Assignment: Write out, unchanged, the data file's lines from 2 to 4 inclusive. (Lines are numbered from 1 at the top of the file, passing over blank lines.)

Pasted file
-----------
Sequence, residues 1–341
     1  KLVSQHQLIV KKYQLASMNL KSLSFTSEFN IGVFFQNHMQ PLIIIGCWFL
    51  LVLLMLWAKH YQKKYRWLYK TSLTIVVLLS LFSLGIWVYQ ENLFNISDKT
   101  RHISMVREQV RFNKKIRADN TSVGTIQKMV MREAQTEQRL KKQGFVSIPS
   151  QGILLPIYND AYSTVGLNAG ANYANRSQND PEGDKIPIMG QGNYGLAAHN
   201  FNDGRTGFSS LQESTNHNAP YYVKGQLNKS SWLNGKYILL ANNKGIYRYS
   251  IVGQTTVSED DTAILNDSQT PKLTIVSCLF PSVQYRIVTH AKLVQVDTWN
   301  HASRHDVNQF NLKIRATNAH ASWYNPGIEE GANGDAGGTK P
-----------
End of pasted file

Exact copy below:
     1  KLVSQHQLIV KKYQLASMNL KSLSFTSEFN IGVFFQNHMQ PLIIIGCWFL
    51  LVLLMLWAKH YQKKYRWLYK TSLTIVVLLS LFSLGIWVYQ ENLFNISDKT
   101  RHISMVREQV RFNKKIRADN TSVGTIQKMV MREAQTEQRL KKQGFVSIPS